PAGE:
In the autumn of last year the flow of new mortgage lending in Ireland started to offset repayments and redemptions for the first time since early 2010 and the annual rate of change turned (marginally) positive in January. Net bank lending to the non-financial corporate sector also began to pick up, although again the annual rate of growth was barely above zero, albeit adding to the view that the credit cycle was turning. The latest figures, to end-March, cast doubt on that however, as net mortgage lending rose in the month but contracted by €28m in the first quarter. This still left the annual growth rate in positive territory , albeit at an unchanged 0.2%, but the annual change in corporate lending turned down again, at -0.3%, following a €365m decline over the first three months. Consumer credit, boosted by car purchases, had been growing strongly but has also softened, declining for four straight months in cash terms reducing the annual rate of growth to 2.4% in March.
New mortgage lending is still growing, of course, amounting to €1.7bn in Q1, with €1.4bn of that used for house purchase, but the pace of growth in the latter is slowing. particularly in terms of the number of mortgages drawn down. That figure was 6,400 in the first quarter, which represents a 9.6% increase on the previous year , compard to a 14.7% rise in the previous quarter and 26% growth a year earlier. The latter pace is clearly unsustainable and some easing was to be expected but the approvals data paints a more disconcerting picture; approvals for house purchase in March fell by an annual 13.6% bringing the annual decline in q1 to 4%.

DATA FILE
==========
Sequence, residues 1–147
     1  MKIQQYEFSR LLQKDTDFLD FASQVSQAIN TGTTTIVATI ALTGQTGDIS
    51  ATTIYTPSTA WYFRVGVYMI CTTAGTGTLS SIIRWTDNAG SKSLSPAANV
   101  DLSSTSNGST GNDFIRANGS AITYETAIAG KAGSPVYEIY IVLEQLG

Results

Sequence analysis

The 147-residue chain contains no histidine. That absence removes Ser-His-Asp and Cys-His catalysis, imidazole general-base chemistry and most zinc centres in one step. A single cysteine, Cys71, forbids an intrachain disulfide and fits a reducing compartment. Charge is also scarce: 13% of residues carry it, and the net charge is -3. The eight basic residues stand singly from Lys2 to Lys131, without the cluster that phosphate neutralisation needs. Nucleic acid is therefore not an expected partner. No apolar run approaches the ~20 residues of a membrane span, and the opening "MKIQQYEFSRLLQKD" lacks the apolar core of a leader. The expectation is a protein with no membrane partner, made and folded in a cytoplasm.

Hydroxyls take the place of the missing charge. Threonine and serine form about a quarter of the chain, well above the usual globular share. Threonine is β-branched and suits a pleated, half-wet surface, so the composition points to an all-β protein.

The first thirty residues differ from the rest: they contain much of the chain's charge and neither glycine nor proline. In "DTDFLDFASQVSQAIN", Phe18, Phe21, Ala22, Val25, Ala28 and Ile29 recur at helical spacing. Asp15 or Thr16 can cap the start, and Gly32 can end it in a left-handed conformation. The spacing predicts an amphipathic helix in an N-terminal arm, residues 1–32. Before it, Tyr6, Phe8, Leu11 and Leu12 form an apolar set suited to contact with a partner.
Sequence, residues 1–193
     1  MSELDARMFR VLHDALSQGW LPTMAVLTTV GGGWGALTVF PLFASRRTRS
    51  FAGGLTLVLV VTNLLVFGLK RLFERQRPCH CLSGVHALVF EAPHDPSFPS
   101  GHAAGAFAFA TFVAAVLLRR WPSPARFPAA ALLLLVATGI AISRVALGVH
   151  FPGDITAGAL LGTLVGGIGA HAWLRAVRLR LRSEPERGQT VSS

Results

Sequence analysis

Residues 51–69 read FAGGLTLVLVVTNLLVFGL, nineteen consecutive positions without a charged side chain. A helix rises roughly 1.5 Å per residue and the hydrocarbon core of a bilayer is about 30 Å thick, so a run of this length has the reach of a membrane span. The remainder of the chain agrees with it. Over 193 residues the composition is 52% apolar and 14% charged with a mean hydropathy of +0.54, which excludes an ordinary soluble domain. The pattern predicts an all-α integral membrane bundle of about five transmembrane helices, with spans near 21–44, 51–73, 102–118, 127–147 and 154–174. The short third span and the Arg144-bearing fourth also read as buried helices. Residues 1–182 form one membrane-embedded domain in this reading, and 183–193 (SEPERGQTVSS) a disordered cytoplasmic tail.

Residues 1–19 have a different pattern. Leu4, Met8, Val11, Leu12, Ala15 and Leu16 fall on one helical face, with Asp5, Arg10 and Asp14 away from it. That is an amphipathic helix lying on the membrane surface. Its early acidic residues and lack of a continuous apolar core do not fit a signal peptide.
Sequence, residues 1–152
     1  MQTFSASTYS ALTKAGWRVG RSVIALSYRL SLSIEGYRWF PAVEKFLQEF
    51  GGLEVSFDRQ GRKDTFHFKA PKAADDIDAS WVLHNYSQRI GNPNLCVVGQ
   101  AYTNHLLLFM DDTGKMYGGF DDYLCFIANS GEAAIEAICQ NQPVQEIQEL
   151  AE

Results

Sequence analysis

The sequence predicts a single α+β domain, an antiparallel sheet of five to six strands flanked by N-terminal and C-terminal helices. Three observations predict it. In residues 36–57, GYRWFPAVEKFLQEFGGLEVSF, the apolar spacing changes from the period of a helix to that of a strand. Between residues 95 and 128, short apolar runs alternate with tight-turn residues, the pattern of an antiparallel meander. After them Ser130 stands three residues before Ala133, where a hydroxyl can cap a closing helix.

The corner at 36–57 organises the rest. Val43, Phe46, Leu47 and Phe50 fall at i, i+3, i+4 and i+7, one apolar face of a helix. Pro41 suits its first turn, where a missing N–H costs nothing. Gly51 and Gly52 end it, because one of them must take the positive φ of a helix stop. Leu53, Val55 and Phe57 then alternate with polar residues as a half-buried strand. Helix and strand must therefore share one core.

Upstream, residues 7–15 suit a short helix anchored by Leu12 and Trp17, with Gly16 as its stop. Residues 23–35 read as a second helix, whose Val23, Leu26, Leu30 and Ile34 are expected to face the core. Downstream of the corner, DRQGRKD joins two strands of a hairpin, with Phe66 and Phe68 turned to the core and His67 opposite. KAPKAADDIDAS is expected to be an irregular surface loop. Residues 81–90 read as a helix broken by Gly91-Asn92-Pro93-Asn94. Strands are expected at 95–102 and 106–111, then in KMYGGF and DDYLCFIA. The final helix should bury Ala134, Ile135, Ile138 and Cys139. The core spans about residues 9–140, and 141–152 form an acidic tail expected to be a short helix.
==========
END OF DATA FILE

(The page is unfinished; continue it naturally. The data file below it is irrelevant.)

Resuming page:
The shortage of houses for sale is no doubt impacting ( transactions fell marginally in the first two months of 2018 compared to a year earlier) while the Central Bank limits on lending may also be a factor, particularly the Loan to Income restriction which is particularly relevant for First Time Buyers. The average mortgage for house purchase rose by 22% in the three years to end-2017, against just a 4.4% rise in average pay, with house prices rising by 31% over the same period.
There is clearly an affordability issue developing, exacerbated by the spending power of non-mortgage buyers, who see housing as an attractive asset class in a QE world of expensive equities and historically low government bond yields. The weak credit environment is also an ongoing issue for the Irish headquartered banks; total loans continue to fall, declining to under €176bn in March, a fresh cycle low, and exceeding deposits by some €8bn. The Central Bank has expressed some concern about the pace of new lending in recent months but the issue facing the economy and the banking sytem in terms of net credit is very different.